Subscribe to
Opera Today

Receive articles and news via RSS feeds or email subscription.







Recently in Performances

Jamie Barton at the Wigmore Hall

“Hi! … I’m at the Wigmore Hall!” American mezzo-soprano Jamie Barton’s exuberant excitement at finding herself performing in the world’s premier lieder venue was delightful and infectious. With accompanist James Baillieu, Barton presented what she termed a “love-fest” of some of the duo’s favourite art songs. The programme - Turina, Brahms, Dvořák, Ives, Sibelius - was also surely designed to show-case Barton’s sumptuous and balmy tone, stamina, range and sheer charisma; that is, the qualities which won her the First and Song Prizes at the 2013 BBC Cardiff Singer of the World Competition.

The Nose: Royal Opera House, Covent Garden

“If I lacked ears, it would be bad, but still more bearable; but lacking a nose, a man is devil knows what: not a bird, not a citizen—just take and chuck him out the window!”

Věc Makropulos in San Francisco

A fixation on death at San Francisco Opera. A 337 year-old woman gave it all up just now after only six years since she last gave it all up on the War Memorial stage.

The Pearl Fishers at English National Opera

Penny Woolcock's 2010 production of Bizet's The Pearl Fishers returned to English National Opera (ENO) for its second revival on 19 October 2018. Designed by Dick Bird (sets) and Kevin Pollard (costumes) the production remains as spectacular as ever, and ENO fielded a promising young cast with Claudia Boyle as Leila, Robert McPherson as Nadir and Jacques Imbrailo as Zurga, plus James Creswell as Nourabad, conducted by Roland Böer.

Academy of Ancient Music: The Fairy Queen at the Barbican Hall

At the end of Shakespeare’s A Midsummer Night’s Dream, Theseus delivers a speech which returns to the play’s central themes: illusion, art and the creative imagination. The sceptical king dismisses ‘The poet’s vision - his ‘eye, in a fine frenzy rolling’ - which ‘gives to airy nothing/ A local habitation and a name’; such art, and theatre, is a psychological deception brought about by an excessive, uncontrolled imagination.

Vaughan Williams and Friends: St John's Smith Square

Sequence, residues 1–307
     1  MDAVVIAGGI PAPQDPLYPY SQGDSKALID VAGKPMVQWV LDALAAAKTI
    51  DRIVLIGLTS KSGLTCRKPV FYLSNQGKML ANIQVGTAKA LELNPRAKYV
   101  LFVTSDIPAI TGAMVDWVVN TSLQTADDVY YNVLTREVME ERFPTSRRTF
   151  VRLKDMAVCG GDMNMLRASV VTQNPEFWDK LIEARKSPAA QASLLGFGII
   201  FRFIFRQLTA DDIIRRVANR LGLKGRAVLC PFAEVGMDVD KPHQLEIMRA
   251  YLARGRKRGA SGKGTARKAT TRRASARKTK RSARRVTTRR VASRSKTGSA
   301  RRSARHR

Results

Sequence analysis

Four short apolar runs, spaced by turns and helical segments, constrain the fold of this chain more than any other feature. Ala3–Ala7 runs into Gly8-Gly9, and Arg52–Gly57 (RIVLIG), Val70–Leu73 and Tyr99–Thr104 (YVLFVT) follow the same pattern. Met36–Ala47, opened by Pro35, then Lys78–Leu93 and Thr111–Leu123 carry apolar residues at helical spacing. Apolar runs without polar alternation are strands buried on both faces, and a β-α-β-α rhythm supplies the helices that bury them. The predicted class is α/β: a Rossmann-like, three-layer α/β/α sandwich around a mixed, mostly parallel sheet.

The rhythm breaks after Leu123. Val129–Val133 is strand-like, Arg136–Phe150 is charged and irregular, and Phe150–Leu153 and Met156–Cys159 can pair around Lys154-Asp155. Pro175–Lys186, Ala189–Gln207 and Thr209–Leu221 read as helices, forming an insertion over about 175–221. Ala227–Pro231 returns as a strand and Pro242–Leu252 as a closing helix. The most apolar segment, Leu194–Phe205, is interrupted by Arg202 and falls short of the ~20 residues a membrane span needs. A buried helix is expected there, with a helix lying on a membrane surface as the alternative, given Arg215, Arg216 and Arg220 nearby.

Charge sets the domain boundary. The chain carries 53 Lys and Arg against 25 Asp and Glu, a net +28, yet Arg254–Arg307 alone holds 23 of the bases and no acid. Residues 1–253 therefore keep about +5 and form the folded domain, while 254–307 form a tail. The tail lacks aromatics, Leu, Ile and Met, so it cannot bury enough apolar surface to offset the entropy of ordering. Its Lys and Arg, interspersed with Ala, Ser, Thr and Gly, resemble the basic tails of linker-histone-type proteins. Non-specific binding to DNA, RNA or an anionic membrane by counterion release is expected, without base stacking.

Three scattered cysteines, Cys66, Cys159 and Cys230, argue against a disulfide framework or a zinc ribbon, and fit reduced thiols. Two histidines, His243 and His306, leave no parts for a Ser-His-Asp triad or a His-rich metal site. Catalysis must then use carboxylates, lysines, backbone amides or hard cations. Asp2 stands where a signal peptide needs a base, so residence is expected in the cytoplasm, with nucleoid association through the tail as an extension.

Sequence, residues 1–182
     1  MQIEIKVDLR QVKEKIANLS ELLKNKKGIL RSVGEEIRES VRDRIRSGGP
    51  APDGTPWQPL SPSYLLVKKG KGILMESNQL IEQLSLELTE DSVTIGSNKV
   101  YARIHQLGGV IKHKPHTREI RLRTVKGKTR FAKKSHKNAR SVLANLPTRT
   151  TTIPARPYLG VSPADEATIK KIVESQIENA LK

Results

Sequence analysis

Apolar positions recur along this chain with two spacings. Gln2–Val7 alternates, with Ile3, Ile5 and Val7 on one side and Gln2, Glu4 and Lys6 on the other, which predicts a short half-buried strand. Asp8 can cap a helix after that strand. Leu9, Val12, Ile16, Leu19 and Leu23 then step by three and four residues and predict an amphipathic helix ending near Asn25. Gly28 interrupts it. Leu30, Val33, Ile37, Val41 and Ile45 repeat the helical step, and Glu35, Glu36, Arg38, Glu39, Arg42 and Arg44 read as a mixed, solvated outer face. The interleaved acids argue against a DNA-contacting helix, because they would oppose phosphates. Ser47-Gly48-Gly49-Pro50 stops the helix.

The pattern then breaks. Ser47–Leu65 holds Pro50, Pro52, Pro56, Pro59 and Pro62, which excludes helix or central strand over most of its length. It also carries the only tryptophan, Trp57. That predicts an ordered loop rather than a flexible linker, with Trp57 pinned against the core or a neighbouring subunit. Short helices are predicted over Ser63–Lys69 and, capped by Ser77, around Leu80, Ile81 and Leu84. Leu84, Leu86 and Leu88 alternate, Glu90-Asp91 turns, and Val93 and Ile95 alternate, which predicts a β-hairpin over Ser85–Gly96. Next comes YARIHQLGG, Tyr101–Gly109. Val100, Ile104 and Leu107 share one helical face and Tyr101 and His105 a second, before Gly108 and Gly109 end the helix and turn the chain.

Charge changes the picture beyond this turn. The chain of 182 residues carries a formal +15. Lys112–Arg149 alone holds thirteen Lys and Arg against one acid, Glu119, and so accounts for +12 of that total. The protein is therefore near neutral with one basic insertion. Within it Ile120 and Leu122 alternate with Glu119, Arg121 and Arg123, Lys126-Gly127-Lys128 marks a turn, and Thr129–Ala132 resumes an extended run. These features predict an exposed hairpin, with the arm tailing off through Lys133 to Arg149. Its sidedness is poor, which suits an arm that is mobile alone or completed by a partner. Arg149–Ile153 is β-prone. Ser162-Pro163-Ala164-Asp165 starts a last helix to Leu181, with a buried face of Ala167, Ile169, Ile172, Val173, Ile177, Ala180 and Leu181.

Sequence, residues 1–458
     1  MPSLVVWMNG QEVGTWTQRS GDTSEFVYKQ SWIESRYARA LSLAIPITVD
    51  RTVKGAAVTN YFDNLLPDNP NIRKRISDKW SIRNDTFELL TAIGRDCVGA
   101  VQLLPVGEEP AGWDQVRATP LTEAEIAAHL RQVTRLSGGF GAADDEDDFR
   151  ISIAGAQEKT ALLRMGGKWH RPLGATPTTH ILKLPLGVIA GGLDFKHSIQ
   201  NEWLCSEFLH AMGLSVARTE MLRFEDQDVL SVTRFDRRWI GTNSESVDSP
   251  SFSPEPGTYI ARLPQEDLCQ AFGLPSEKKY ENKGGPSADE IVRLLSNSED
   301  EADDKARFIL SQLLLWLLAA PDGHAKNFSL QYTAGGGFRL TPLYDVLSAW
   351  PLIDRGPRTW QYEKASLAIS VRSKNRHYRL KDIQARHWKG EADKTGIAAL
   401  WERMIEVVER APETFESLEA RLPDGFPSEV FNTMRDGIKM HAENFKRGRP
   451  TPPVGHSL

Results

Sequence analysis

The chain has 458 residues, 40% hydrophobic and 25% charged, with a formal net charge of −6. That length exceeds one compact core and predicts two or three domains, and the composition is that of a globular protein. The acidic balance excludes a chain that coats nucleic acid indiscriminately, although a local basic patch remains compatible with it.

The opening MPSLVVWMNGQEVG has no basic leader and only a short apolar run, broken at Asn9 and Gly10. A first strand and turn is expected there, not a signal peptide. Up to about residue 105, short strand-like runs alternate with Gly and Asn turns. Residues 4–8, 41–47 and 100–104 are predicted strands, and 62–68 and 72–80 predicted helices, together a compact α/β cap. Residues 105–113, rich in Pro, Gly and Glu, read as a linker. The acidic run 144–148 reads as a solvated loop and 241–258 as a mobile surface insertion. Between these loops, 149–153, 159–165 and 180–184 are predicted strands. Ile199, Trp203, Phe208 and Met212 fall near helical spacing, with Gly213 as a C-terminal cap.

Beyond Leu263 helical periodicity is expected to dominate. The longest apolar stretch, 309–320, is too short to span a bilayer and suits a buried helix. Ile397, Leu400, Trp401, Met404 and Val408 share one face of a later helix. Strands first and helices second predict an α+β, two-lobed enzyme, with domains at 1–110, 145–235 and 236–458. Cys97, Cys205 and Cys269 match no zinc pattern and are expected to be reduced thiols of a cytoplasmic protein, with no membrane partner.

Following the success of previous ‘mini-festivals’ at St John’s Smith Square devoted to Schubert and Schumann, last weekend pianist Anna Tilbrook curated a three-day exploration of the work of Ralph Vaughan Williams and his contemporaries. The music performed in these six concerts was chosen to reflect the changing contexts in which it was composed and to reveal the vast changes in society, politics and culture which occurred during Vaughan Williams’ long life-time (1872-1958) and which shaped his life and creative output.

Bloodless Manon Lescaut at DNO

Trying to work around Manon Lescaut’s episodic structure, this new production presents the plot as the dying protagonist’s feverish hallucinations. The result is a frosty retelling of what is arguably Puccini’s most hot-blooded opera. Musically, the performance also left much to be desired.

English Touring Opera: Xerxes

It is Herodotus who tells us that when Xerxes was marching through Asia to invade Greece, he passed through the town of Kallatebos and saw by the roadside a magnificent plane-tree which, struck by its great beauty, he adorned with golden ornaments, and ordered that a man should remain beside the tree as its eternal guardian.

English National Opera: Tosca

Poor Puccini. He is far too often treated as a ‘box-office hit’ by our ‘major’ opera houses, at least in Anglophone countries. For so consummate a musical dramatist, that is something beyond a pity. Here in London, one is far better advised to go to Holland Park for interesting, intelligent productions, although ENO’s offerings have often had something to be said for them.

Don Pasquale in San Francisco

With only four singers and a short-story-like plot Don Pasquale is an ideal chamber opera. That chamber just now was the 3200 seat War Memorial Opera House where this not always charming opera buffa is an infrequent visitor (post WWII twice in the 1980’s after twice in the 40’s).

“Written in fire”: Momenta Quartet blazes through an Indonesian chamber opera

“Yang sementara tak akan menahan bintang hilang di bimasakti; Yang bergetar akan terhapus.” (“The transient cannot hold on to stars lost in the Milky Way; that which quivers will be erased.”) As soprano Tony Arnold sang these words of Tony Prabowo’s chamber opera Pastoral, with astonishingly crisp Indonesian diction, the first night of the second annual Momenta Festival approached its end.

English National Opera: Don Giovanni

Some operas seemed designed and destined to raise questions and debates - sometimes unanswerable and irresolvable, and often contentious. Termed a dramma giocoso, Mozart’s Don Giovanni has, historically, trodden a movable line between seria and buffa.

World Premiere Eötvös, Wigmore Hall, London

Péter Eötvös’ The Sirens Cycle received its world premiere at the Wigmore Hall, London, on Saturday night with Piia Komsi and the Calder Quartet. An exceptionally interesting new work, which even on first hearing intrigues: imagine studying the score! For The Sirens Cycle is elegantly structured, so intricate and so complex that it will no doubt reveal even greater riches the more familiar it becomes. It works so well because it combines the breadth of vision of an opera, yet is as concise as a chamber miniature. It's exquisite, and could take its place as one of Eötvös's finest works.

Manitoba Underground Opera: Mozart and Offenbach

Manitoba Underground Opera took audiences on a journey — literally and figuratively — as it presented its latest installment of repertory opera between August 19–26.